Lung cancer treatment more likely for women who have ovary removed

Lung cancer treatment may be more likely for women who go through the menopause at an early age, researchers have found.

Women who had a non-natural menopause that resulted in ovary removal were more likely to develop lung cancer.

This is the finding of epidemiologists from the Universite de Montreal, the Research Centre of the Centre Hospitalier de l'Universite de Montreal and the INRS-Institut Armand-Frappier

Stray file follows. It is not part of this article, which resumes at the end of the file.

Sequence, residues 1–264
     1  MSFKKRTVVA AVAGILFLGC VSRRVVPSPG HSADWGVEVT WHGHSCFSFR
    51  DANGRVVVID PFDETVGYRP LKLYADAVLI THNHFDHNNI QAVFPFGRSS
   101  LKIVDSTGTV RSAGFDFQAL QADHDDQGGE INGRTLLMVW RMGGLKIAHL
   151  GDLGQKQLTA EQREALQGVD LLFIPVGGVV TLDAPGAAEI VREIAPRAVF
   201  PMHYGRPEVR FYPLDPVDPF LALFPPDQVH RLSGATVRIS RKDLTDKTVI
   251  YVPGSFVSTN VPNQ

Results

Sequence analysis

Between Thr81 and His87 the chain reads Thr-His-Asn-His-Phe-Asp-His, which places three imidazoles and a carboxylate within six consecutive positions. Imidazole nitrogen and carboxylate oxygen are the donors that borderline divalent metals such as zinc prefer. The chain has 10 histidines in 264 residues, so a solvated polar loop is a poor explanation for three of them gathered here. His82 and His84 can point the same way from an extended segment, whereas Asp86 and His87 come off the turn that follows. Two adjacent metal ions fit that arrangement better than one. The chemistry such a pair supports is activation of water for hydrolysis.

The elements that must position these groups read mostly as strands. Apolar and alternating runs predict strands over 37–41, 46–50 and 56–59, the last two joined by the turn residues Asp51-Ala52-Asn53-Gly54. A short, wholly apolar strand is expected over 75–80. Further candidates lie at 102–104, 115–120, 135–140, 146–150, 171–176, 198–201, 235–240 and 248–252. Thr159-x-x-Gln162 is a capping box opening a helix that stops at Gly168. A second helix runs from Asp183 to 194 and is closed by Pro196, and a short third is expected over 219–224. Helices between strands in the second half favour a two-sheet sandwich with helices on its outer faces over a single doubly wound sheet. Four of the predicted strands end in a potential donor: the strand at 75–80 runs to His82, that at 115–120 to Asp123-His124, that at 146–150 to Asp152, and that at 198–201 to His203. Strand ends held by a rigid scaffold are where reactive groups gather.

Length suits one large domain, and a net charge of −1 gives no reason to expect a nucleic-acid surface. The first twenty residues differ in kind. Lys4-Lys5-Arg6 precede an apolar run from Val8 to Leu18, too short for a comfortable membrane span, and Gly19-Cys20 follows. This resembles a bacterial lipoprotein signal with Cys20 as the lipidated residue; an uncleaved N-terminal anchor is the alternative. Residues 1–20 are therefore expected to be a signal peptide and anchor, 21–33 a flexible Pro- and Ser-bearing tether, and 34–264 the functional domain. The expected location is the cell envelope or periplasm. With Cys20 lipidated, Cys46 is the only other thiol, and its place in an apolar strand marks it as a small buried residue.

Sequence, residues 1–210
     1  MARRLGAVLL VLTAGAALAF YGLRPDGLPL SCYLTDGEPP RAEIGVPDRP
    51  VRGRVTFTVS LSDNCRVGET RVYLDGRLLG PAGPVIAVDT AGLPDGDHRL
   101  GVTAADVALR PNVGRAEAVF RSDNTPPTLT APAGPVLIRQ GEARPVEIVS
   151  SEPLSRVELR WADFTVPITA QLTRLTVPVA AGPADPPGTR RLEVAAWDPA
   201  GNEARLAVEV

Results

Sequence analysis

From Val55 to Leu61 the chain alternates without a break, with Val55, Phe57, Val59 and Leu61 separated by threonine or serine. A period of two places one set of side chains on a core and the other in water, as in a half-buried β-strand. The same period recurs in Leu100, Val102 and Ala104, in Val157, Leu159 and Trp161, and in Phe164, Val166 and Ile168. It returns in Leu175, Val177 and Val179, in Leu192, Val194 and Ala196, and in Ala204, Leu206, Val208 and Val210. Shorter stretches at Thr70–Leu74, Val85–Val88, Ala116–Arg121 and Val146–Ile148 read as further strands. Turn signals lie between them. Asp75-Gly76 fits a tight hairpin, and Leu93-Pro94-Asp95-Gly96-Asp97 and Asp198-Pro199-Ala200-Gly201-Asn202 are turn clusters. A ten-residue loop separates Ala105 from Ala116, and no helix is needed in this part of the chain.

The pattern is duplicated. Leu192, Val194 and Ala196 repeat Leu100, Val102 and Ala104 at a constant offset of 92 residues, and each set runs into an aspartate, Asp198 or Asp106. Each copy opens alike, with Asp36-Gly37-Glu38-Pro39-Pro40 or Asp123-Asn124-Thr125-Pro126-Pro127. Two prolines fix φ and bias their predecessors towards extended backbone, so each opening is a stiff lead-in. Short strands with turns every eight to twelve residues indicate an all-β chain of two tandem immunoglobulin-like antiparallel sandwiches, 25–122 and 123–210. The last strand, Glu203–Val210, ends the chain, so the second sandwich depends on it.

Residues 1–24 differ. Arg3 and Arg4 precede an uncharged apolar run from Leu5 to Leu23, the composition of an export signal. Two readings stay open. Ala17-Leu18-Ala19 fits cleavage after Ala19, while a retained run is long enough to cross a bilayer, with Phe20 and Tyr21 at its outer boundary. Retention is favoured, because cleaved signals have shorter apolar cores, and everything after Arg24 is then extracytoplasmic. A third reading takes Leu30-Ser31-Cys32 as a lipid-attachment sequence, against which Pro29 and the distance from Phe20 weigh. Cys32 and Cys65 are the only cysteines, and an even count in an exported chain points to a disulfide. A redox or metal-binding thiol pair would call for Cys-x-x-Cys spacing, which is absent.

Anita Koushik, researcher at the Universite de Montreal's Department of Social and Preventive Medicine, commented: "We found that women who experienced non-natural menopause are at almost twice the risk of developing lung cancer compared to women who experienced natural menopause."

She added that the risk of developing lung cancer was particularly high among women who had gone through a non-natural menopause at a relative young age, pointing to a possible role played by hormones in the development of lung cancer.

The UN yesterday (July 21st) confirmed the link between radiation from radon gas in homes and lung cancer.

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